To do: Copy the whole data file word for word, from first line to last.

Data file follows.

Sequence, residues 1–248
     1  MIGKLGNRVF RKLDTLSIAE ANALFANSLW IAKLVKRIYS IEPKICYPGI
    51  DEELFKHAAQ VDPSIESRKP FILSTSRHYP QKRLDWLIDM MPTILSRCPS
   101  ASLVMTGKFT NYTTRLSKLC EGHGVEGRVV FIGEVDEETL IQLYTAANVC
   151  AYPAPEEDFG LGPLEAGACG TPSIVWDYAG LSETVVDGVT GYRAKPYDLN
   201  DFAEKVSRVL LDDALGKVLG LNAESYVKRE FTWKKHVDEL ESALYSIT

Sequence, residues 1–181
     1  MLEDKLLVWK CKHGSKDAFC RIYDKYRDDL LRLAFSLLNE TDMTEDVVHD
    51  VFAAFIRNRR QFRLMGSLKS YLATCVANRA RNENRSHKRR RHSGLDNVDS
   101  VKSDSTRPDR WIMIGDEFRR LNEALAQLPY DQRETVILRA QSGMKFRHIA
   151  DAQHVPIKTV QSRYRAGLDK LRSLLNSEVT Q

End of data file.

Sequence, residues 1–248
     1  MIGKLGNRVF RKLDTLSIAE ANALFANSLW IAKLVKRIYS IEPKICYPGI
    51  DEELFKHAAQ VDPSIESRKP FILSTSRHYP QKRLDWLIDM MPTILSRCPS
   101  ASLVMTGKFT NYTTRLSKLC EGHGVEGRVV FIGEVDEETL IQLYTAANVC
   151  AYPAPEEDFG LGPLEAGACG TPSIVWDYAG LSETVVDGVT GYRAKPYDLN
   201  DFAEKVSRVL LDDALGKVLG LNAESYVKRE FTWKKHVDEL ESALYSIT

Sequence, residues 1–181
     1  MLEDKLLVWK CKHGSKDAFC RIYDKYRDDL LRLAFSLLNE TDMTEDVVHD
    51  VFAAFIRNRR QFRLMGSLKS YLATCVANRA RNENRSHKRR RHSGLDNVDS
   101  VKSDSTRPDR WIMIGDEFRR LNEALAQLPY DQRETVILRA QSGMKFRHIA
   151  DAQHVPIKTV QSRYRAGLDK LRSLLNSEVT Q